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Gondek seeking change after encampment broken up outside Calgary homeless shelter

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WATCH ABOVE: The removal of an encampment outside the Calgary Drop-In Centre has sparked disappointment from the city's mayor. Both Jyoti Gondek and advocates are now pushing for a change to the practice. Adam MacVicar reports – Dec 2, 2021

The removal of an encampment outside of the Calgary Drop-In Centre has sparked a larger conversation inside city hall and disappointment from Mayor Jyoti Gondek.

Calgary bylaw officers along with police began removing the tents from the area along Dermot Baldwin Way and Riverfront Avenue S.E. on Tuesday, with efforts continuing into Wednesday outside the Drop-In Centre.

“It’s something that has been deemed a cleanup, which is not acceptable,” Gondek told reporters Wednesday. “That is not how we characterize looking after people in positions of vulnerability, when we take down the only home they have.”

Homeless care advocates said the camp has grown significantly in recent weeks with incoming colder weather.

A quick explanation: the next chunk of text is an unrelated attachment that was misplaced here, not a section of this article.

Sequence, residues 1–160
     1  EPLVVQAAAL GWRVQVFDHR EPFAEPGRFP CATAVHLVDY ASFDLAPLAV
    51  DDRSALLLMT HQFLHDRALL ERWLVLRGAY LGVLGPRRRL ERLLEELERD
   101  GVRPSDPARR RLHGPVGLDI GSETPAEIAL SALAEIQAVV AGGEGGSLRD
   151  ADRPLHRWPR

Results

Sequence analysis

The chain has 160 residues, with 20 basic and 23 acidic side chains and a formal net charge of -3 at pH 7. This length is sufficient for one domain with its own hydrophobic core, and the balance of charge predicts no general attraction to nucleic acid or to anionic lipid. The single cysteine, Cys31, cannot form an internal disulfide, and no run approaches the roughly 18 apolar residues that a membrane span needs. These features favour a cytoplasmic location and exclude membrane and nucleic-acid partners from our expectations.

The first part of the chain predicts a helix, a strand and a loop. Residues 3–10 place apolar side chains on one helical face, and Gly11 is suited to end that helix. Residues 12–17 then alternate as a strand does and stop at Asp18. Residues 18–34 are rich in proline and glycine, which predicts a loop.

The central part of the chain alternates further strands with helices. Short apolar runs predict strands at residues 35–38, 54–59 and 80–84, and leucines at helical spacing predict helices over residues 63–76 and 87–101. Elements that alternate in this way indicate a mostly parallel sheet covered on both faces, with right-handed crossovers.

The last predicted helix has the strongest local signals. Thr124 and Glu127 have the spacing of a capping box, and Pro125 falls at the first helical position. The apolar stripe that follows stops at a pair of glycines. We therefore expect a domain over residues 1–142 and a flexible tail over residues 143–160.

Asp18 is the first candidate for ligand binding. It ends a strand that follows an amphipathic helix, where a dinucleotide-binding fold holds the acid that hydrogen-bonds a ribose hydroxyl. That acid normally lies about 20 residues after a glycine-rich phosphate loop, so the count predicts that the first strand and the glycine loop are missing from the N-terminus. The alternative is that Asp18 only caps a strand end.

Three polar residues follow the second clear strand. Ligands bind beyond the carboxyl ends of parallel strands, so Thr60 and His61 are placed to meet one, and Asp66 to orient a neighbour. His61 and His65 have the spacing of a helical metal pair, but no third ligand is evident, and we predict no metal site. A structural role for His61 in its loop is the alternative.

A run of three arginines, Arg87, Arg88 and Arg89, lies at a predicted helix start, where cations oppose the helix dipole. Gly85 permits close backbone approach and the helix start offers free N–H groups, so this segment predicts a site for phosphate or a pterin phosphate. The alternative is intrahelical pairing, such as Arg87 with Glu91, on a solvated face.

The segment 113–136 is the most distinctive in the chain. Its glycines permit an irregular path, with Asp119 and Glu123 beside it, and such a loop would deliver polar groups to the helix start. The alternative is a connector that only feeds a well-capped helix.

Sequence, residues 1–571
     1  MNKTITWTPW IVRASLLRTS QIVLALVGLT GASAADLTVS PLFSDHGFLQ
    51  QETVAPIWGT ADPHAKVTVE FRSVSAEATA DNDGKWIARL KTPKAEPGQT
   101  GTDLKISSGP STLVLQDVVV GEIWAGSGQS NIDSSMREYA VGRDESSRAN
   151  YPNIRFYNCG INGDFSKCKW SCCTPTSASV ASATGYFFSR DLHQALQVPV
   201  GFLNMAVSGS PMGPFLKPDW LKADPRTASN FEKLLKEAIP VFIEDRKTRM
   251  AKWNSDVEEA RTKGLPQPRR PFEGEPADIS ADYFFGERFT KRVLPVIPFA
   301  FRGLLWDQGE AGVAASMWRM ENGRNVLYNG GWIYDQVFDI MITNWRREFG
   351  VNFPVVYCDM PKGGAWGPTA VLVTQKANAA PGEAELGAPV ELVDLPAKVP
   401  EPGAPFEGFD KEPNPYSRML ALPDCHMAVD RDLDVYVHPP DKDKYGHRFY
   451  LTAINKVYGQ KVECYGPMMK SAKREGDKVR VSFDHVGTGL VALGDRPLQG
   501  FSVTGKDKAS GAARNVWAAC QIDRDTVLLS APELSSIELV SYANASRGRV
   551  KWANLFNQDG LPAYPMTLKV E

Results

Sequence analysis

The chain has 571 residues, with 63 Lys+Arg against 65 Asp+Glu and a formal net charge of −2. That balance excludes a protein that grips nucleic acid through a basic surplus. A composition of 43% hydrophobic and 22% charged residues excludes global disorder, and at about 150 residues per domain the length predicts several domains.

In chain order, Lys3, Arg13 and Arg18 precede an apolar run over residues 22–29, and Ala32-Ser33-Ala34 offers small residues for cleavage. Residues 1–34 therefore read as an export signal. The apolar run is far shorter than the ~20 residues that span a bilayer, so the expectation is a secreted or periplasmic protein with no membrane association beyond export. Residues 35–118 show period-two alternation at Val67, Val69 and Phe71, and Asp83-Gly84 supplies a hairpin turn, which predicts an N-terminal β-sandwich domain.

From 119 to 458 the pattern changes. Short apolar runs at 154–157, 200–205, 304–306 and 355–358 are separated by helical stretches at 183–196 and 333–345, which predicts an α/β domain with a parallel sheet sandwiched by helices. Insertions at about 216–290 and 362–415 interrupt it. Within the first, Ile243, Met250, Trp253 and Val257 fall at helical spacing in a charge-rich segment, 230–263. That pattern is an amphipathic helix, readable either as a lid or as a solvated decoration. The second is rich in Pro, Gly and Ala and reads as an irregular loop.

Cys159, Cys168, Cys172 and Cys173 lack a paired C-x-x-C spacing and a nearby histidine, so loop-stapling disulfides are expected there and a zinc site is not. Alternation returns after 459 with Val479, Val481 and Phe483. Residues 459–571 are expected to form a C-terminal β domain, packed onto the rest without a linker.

Read more: Calgary’s vulnerable population struggles for survival in the cold

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According to Calgary Bylaw, there has been a “shelter-in-place” strategy for homeless encampments in the city since the beginning of the COVID-19 pandemic, meaning those tents wouldn’t be removed if there was no risk to public safety or the vulnerable people inside.

However, Calgary chief bylaw officer Ryan Pleckaitis said the encampment around the Drop-In Centre had “significant safety risks” to those inside the tents and the public, which prompted complaints from the surrounding business community.

“There’s so many encampments that sometimes they encroach and block access into the Drop-In Centre, which creates significant challenges for EMS, for fire and for Calgary Police Service personnel,” Pleckaitis said.

“There’s the use of propane heaters, candles (and) other sources of open flame, which obviously create risks not only to the individuals who are using those sources of heat, but to all the other individuals in that area.”

Pleckaitis said the first priority for bylaw officers is to try to bring those sleeping rough into shelters or into “more suitable living arrangements,” before removing the tents and any debris, waste or garbage in the area.

Read more: Calgary homeless outreach program proposes emergency warming centres

“A cleanup is fine if you’re removing debris. It is not fine if you’re removing people,” Gondek said. “It is not something we will stand for in our city. We must be better than this.”

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Chaz Smith is with Be The Change YYC, a homeless care advocacy group that provides emergency essentials to the city’s homeless community.

According to Smith, the group provides tents and sleeping bags, many of which were being used in the encampment outside the shelter.